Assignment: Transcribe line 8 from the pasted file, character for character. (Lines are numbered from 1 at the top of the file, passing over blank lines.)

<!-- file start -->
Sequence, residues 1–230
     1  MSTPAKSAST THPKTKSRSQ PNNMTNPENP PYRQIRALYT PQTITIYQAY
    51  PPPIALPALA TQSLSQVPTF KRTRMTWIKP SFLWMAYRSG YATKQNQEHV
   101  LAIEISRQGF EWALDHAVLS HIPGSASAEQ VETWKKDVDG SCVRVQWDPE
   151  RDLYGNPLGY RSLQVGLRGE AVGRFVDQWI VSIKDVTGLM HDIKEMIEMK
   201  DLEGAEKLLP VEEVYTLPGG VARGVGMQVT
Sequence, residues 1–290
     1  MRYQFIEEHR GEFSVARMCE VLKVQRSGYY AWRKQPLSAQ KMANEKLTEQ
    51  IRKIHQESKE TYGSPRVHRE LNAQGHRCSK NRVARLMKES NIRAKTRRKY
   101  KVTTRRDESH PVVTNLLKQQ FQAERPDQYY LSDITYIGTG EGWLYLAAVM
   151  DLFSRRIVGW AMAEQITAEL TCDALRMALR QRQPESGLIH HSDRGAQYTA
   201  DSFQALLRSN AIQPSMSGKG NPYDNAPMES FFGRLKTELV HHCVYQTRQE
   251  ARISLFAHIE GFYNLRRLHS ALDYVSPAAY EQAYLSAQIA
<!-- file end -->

     1  MRYQFIEEHR GEFSVARMCE VLKVQRSGYY AWRKQPLSAQ KMANEKLTEQ